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various meanings : (1.) The effusion of miraculous powers on the feast of Pentecost :: (2.) The particular talents and gifts bestowed on the early Christians, and (3.) The inward assist. ances by which men's minds are renewed, as in Luke, ix. 13.: “Your heavenly Father will give “the Holy Spirit to them that ask him.”

The personality of the Holy Ghost is thus proved : (1.) All the attributes of a person are ascribed to him. 6 The Spirit searcheth all things.” (1 Cor. ii. 10.) “ The Spirit maketh intercession for us." (Rom. vii. 26.) “Grieve not the Holy Spirit.” (Eph. vi. 30.) “ All these work“eth that one and self-same spirit, dividing to

every man severally as he will." (1 Cor. xii. 11.) Such affections can only be ascribed to a person.

(2.) The actions of a person are ascribed to him. “ The Holy Ghost, whom the Father will send “in my name ; he shall teach you all things, and

bring all things to your remembrance.” (John, xiv. 26.) “ He will reprove the world of sin: He “ will guide you into all truth : He will show

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a Acts, X. 44. “ The Holy Ghost fell on all them which heard the Word.'

Gal. iii. 2. “ Receive ye the Spirit by the works of the law.” It may be observed that the words, Spirit, and Holy Ghost, are applied in the New Testament to distinct objects, the former signifying the miraculous powers of acting, and the latter those of internal illumination. See Whitby's Appendix to Matt. 12.


you things to come.” (c. xvi. v. 13.) These are the actions only of a person.

2. The Holy Ghost is God.

(1.) The name of God is ascribed to him. Thus, “ Ananias and Sapphira, who lied unto the Holy Ghost,” are said" to lye not unto men, but unto God.” (Acts, v. 3, 4.) a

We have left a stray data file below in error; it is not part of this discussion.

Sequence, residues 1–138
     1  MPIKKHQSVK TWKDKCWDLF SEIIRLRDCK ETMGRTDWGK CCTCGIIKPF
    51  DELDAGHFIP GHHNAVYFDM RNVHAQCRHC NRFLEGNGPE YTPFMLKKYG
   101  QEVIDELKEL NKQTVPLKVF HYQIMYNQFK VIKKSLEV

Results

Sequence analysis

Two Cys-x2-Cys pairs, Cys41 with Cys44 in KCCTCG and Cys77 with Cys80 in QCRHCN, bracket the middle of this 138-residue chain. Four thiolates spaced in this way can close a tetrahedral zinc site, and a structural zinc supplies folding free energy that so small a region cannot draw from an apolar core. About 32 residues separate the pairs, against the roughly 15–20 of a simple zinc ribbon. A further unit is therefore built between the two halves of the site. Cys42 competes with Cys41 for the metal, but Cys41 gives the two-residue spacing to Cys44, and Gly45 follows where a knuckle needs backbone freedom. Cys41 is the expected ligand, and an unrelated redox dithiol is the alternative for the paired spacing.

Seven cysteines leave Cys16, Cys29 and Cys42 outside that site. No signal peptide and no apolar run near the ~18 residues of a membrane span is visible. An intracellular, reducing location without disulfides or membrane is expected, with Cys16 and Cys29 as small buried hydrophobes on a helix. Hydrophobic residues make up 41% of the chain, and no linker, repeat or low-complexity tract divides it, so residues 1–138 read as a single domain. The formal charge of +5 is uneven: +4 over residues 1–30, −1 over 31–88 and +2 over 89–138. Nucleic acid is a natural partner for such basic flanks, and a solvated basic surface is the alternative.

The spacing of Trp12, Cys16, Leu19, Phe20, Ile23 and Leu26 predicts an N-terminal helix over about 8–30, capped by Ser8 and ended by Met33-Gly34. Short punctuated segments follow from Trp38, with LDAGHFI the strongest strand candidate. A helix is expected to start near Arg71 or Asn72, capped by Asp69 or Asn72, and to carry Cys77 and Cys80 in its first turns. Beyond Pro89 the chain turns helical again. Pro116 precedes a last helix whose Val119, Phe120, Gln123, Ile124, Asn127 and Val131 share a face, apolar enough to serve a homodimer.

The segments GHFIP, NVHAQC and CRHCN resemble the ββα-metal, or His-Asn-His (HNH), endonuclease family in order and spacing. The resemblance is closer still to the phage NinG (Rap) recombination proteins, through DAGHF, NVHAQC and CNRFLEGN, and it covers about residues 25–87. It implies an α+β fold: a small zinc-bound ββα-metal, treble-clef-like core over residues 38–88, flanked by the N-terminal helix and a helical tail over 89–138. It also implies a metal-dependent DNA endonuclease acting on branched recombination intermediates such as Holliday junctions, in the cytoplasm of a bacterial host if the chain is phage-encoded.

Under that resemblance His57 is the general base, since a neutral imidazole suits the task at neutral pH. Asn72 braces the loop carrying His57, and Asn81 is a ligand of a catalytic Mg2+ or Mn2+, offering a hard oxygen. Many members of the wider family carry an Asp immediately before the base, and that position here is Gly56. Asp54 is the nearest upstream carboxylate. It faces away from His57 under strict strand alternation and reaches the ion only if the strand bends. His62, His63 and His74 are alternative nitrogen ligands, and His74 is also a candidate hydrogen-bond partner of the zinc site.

(2.) The attributes of God are ascribed to him. Thus, he is said “ to guide into all truth, and to shew the things to come.” (John, 16. 13.) “The

Spirit searcheth all things, yea, the deep things of God.” (1 Cor. ii. 10.)

(3.) The actions of God are ascribed to him. “ The Spirit maketh intercession for us.” (Rom. viii. 26.) “ We are changed into the image of the Lord by the Spirit.” (2 Cor. iii. 18.) Indeed, the adversaries of the Trinityd are aware, that if it

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See Dwight's Theol. ser. lxx.

The word searcheth here means' more than inquireth, for the Apostle expresses the same idea in the following verse : The things of God knoweth no man, but the Spirit of God.” See Scott's Chris. Life, v. 3. p. 64.

© The Divinity and Personality of the Holy Gbost, are both established by Matt. xii. 31. For it would be absurd to say, that blasphemy against God should be forgiven, while the same sin against an inferior being should be uopardonable. Further, blasphemy against an attribute, is a coutradiction in terms.

With respect to the nature of the Holy Ghost, the two priacipal heresies are, the Macedonians and the Socinians. The former held that he was a created person; the latter conceived that be par.

is once proved that the Holy Ghost is a person, his divinity will necessarily follow.

The arguments in favour of the former, therefore, serve also to establish the latter.

II. We propose to consider the procession of the Holy Ghost, from the Father and the Son.